One of the magic answers I got from my superiors when I questioned them as a junior, some years back, was “there is no one correct way to do things. You are free to find your own solution”. I got this answer as much as I got the other magic answer “it depends”. Now after years of experience, I am thinking should there be a correct way of doing things. Should we be able to answer a question in more direct manner while keeping room for improvements?
I believe there can be many ways of doing the same thing. But we should have only one way of doing it in our processes. This will help our internal customers as well as external customers. Selecting what we are going to do is something we should do after a proper analysis. But once selected, we should stick to the process. If we want to change it, that will be a Kaizan event.
The problem with ambiguity in processes is they can lead to exponentially large ways of doing things. Say you have three tasks in your process and you have four ways of completing each task. You end up with 64(4x4x4) possibilities of completing those three actions. One can select any of the paths, and they will achieve the final goal. But you will not be able to predict the outcome. The time taken to complete the process will vary depending on the path selected. Machinery required might vary depending on the selected path. WIP may also vary. I think you get the point.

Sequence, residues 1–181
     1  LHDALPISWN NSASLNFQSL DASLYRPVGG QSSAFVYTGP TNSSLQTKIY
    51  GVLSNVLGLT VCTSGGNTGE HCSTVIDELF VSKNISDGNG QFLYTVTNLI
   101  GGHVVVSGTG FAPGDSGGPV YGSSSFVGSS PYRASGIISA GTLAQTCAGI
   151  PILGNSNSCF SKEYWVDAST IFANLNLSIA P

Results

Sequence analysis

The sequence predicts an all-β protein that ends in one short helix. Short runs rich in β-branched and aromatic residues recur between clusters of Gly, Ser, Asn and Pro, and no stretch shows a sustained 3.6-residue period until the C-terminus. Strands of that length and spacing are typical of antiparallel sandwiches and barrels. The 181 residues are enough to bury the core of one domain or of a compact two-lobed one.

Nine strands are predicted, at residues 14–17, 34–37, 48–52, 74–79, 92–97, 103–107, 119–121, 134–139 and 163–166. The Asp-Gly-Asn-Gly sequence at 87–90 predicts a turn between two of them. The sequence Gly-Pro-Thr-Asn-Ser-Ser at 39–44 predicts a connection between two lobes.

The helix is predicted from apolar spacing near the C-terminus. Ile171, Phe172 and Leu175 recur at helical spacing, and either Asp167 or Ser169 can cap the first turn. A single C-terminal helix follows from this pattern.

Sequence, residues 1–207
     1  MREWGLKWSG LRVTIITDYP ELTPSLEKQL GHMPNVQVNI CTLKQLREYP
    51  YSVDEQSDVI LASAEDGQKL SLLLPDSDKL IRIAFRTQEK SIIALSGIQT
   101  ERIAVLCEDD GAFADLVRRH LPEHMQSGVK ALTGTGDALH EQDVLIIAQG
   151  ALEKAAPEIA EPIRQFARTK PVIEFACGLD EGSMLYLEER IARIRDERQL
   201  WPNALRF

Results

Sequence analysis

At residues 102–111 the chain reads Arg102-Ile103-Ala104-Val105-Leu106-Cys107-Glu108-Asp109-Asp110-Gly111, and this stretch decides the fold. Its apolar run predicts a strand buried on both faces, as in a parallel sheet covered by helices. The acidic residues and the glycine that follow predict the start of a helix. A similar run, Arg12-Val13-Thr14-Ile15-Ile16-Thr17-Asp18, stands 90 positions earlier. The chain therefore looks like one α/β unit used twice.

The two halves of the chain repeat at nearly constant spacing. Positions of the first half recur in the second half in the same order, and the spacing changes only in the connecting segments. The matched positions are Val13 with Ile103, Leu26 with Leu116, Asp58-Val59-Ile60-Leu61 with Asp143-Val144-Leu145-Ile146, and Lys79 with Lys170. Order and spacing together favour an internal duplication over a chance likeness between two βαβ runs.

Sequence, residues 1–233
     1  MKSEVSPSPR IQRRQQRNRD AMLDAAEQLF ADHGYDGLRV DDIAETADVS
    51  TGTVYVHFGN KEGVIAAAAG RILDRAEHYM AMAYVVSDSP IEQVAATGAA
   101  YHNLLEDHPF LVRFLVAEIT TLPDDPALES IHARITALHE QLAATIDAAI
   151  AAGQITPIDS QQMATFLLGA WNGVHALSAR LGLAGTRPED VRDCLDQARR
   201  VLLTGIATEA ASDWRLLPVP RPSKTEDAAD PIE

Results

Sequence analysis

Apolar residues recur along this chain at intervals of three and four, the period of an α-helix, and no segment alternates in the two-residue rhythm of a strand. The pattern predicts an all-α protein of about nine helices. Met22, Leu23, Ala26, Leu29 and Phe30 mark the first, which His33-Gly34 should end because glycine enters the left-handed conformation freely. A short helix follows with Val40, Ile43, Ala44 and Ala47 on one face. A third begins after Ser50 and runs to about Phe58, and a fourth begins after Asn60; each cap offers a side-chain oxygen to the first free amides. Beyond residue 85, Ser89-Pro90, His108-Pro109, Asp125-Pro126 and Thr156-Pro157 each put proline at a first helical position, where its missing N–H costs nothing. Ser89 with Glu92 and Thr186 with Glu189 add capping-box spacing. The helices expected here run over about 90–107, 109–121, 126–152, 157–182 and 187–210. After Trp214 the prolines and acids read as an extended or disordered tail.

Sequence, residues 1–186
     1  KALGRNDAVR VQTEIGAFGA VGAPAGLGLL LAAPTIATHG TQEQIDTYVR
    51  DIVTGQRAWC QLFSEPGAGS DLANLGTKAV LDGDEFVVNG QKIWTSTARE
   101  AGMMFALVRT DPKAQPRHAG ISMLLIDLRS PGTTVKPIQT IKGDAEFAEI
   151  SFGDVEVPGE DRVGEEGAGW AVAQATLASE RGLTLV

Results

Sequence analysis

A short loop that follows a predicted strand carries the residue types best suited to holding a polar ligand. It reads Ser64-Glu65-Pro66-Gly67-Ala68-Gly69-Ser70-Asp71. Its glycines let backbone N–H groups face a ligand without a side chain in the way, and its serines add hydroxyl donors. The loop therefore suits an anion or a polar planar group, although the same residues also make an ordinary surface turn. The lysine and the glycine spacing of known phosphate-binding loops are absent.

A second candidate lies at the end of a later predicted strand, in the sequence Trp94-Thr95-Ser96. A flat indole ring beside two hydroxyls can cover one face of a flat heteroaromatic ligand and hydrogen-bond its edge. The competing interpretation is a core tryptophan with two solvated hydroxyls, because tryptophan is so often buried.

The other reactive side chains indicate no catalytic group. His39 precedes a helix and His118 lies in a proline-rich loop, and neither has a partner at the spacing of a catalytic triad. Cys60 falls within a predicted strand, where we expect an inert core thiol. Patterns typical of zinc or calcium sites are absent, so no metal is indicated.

Yes, you should have room for innovation and improvements. But you should have your base correct. Otherwise everyone will be confused. Everyone will tell you that “there is no correct way of doing things”.
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